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Title: The Importance of Marking Historic Spots, an Address

Author: Henry W. Shoemaker

Release date: February 9, 2022 [eBook #67367]

Language: English

Original publication: United States: Tribune Press, 1922

Credits: Charlene Taylor, Donald Cummings and the Online Distributed Proofreading Team at (This file was produced from images generously made available by The Internet Archive/American Libraries.)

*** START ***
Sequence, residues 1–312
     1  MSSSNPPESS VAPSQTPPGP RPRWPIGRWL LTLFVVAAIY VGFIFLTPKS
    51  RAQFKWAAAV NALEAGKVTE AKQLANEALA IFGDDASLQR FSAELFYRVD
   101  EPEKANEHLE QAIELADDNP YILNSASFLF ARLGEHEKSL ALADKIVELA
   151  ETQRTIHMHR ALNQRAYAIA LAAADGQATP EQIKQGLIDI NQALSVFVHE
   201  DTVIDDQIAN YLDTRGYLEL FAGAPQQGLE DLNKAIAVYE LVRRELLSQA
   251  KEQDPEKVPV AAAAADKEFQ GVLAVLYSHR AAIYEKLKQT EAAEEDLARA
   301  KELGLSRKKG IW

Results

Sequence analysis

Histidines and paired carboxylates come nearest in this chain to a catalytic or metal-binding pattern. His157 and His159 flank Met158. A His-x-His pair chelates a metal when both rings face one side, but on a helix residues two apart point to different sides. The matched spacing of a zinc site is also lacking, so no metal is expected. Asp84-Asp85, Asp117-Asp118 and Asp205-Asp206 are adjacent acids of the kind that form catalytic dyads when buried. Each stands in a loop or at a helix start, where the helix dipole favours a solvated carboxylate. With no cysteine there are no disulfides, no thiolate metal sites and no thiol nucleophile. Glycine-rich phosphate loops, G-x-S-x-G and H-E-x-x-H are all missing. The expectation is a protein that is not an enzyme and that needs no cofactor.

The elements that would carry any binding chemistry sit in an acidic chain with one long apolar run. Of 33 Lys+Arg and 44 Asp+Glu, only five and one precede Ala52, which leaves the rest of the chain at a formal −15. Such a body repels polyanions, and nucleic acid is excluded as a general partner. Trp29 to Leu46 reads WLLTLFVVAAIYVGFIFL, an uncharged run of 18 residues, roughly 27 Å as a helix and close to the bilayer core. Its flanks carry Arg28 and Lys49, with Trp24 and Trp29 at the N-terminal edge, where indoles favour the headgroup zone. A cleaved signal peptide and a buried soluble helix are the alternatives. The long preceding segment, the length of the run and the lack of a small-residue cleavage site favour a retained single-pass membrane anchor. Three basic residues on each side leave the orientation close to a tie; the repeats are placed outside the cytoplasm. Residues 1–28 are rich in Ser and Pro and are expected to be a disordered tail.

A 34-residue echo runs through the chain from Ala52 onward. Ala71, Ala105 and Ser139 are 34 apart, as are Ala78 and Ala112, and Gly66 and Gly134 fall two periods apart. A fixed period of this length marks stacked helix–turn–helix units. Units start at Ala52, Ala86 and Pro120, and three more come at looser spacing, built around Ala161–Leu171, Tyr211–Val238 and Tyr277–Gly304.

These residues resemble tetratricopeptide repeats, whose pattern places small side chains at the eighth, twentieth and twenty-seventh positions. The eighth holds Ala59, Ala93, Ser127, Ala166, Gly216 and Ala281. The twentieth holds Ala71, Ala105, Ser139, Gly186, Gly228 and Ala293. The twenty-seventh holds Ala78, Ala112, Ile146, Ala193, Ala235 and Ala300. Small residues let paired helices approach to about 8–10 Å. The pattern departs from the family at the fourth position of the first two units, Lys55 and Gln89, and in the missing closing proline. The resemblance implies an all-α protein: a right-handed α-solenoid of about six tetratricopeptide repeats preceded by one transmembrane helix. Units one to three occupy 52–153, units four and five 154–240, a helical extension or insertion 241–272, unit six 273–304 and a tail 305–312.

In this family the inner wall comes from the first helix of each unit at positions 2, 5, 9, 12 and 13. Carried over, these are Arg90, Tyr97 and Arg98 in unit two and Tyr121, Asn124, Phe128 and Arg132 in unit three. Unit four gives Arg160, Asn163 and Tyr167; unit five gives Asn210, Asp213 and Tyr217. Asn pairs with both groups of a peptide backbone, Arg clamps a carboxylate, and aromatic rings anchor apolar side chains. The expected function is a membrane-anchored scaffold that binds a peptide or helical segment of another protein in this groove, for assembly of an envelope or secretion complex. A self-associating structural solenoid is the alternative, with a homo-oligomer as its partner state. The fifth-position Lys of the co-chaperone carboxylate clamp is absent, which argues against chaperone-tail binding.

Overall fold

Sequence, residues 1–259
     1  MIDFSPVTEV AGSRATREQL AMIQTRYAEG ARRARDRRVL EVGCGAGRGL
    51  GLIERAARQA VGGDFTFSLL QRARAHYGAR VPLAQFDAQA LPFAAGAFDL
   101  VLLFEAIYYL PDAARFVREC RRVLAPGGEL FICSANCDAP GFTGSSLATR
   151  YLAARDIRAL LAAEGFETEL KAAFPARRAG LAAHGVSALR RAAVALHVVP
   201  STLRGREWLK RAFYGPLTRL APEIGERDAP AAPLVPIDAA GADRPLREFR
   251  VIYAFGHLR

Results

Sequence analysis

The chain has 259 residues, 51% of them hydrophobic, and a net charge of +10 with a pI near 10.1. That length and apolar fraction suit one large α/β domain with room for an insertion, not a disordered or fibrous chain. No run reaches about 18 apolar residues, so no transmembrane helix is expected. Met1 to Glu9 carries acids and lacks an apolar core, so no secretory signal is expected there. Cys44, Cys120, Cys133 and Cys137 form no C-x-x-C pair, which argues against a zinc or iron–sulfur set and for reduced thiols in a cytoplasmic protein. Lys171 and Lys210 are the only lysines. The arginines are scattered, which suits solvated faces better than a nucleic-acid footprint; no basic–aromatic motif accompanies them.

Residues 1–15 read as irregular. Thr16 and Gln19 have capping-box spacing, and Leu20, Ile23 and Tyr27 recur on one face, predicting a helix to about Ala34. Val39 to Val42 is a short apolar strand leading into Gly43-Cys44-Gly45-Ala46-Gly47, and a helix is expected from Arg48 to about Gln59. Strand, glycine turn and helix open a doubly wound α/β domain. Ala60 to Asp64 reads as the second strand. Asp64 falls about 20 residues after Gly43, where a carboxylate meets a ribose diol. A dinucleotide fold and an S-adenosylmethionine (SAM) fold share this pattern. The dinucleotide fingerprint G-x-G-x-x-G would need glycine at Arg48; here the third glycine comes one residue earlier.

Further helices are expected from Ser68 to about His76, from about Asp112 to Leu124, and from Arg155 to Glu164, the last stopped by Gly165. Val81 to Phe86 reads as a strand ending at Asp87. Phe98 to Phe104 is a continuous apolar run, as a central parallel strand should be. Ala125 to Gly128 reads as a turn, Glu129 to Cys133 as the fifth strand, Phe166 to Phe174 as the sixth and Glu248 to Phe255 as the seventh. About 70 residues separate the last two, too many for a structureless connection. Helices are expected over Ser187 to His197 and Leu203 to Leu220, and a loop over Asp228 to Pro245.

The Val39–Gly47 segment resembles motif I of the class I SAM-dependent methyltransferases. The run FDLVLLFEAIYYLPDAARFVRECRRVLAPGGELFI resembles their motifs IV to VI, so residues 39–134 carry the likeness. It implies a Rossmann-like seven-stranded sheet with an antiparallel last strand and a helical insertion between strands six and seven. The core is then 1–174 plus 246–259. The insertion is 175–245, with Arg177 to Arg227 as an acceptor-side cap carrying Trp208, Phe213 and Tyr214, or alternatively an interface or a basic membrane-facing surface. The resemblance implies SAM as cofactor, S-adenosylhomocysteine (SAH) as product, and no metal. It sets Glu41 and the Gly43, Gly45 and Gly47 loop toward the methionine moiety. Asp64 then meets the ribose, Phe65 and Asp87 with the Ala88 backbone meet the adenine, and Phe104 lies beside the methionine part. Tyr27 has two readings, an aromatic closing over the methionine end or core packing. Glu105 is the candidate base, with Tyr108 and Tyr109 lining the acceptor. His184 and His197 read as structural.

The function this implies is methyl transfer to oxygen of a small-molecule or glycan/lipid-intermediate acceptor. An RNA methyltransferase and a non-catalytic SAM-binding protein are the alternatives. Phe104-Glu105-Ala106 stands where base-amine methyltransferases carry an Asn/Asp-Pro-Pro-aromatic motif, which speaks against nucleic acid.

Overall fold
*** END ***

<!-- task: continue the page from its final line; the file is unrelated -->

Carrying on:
The Importance of
Marking Historic Spots

An Address


marker site

At Dedication of Marker
Nittany Furnace, Near State College, Pa.
October 30, 1922

Tribune Press printer deco Altoona


The Importance of Marking
Historic Spots

An Address by Henry W. Shoemaker

Dr. Sparks, Dean Watts, Ladies and Gentlemen: